Treatment Clinical Trials for Non-Melanoma Skin Cancer

Clinical trials are research studies that involve people. The clinical trials on this list are for non-melanoma skin cancer treatment. All trials on the list are supported by NCI.

NCI’s basic information about clinical trials explains the types and phases of trials and how they are carried out. Clinical trials look at new ways to prevent, detect, or treat disease. You may want to think about taking part in a clinical trial. Talk to your doctor for help in deciding if one is right for you.

Trials 176-195 of 195
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  • Pembrolizumab in Treating Patients with Rare Tumors That Cannot Be Removed by Surgery or are Metastatic

    This phase II trial studies how well pembrolizumab works in treating patients with rare tumors that cannot be removed by surgery or have spread to other parts of the body (metastatic). Monoclonal antibodies, such as pembrolizumab, may block specific proteins found on white blood cells which may strengthen the immune system and control tumor growth.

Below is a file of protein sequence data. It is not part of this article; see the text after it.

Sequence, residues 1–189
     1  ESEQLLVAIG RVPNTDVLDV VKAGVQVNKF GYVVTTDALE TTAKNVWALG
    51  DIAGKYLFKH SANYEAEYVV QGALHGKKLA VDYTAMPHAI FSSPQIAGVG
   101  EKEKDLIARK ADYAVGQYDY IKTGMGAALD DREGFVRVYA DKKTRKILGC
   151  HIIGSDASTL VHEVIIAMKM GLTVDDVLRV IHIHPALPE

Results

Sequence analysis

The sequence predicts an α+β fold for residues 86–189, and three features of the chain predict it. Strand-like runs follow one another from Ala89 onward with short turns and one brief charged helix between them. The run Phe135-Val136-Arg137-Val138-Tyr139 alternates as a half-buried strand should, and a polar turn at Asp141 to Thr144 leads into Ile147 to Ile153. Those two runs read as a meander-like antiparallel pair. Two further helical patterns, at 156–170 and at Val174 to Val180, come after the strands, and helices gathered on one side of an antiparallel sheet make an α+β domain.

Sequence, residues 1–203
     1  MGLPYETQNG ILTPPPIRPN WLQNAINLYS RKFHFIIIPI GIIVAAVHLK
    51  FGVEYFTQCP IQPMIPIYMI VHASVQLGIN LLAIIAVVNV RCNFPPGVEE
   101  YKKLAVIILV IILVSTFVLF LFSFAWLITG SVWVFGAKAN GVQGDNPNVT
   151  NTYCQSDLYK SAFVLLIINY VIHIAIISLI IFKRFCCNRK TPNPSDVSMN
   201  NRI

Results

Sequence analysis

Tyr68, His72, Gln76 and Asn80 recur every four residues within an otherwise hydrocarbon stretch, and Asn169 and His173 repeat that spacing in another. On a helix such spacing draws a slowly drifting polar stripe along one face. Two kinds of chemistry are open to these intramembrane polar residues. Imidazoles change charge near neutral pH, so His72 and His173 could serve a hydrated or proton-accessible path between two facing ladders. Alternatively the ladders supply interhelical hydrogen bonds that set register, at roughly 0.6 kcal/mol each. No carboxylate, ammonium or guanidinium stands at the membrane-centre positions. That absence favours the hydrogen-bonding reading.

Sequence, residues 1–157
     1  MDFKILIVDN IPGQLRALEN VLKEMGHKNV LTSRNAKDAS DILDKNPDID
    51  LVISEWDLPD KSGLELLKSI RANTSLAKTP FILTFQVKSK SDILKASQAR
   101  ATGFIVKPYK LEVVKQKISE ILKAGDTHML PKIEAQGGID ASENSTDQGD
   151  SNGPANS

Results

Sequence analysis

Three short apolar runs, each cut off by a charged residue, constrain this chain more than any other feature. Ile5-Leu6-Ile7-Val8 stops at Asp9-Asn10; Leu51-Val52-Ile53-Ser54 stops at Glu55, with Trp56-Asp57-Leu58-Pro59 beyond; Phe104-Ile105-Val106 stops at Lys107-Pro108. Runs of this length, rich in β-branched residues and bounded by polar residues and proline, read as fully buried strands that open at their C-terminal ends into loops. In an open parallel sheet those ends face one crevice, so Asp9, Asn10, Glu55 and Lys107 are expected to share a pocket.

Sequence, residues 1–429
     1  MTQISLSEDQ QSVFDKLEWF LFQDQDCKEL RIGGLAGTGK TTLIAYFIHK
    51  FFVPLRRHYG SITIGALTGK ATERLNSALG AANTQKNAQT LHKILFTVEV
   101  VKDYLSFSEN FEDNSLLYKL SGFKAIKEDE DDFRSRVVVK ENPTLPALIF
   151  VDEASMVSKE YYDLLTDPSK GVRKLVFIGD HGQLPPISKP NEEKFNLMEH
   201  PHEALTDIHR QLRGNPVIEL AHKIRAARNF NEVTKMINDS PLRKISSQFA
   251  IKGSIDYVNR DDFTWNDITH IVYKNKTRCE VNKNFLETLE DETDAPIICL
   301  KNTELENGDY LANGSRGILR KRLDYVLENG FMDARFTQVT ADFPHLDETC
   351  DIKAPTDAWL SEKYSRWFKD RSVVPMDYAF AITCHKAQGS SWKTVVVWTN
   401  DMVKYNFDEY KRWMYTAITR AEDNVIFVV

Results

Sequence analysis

Location: M D Anderson Cancer Center, Houston, Texas

  • Cytotoxic T Lymphocytes in Treating Patients with Malignancies with BK and / or JC Virus

    This phase II trial studies how well donor cytotoxic T lymphocytes work in treating patients with malignancies with BK and / or JC virus. Cytotoxic T lymphocytes are made from donated blood cells that are grown in the laboratory and are designed to kill viruses that can cause infections in transplant patients and may be an effective treatment in patients with malignancies with BK and / or JC virus.
    Location: M D Anderson Cancer Center, Houston, Texas

  • RTX-321 Monotherapy in Patients With HPV 16+ Tumors

    This is an open-label, multicenter, multiple-ascending dose, FIH, Phase 1 study of RTX-321 for the treatment of patients that are HLA-A*02:01 positive with persistent, recurrent, or metastatic, unresectable, HPV 16+ cancers.
    Location: University of Colorado Hospital, Aurora, Colorado

  • Domatinostat in Combination With Avelumab in Patients With Advanced Merkel Cell Carcinoma Progressing on Anti-PD-(L)1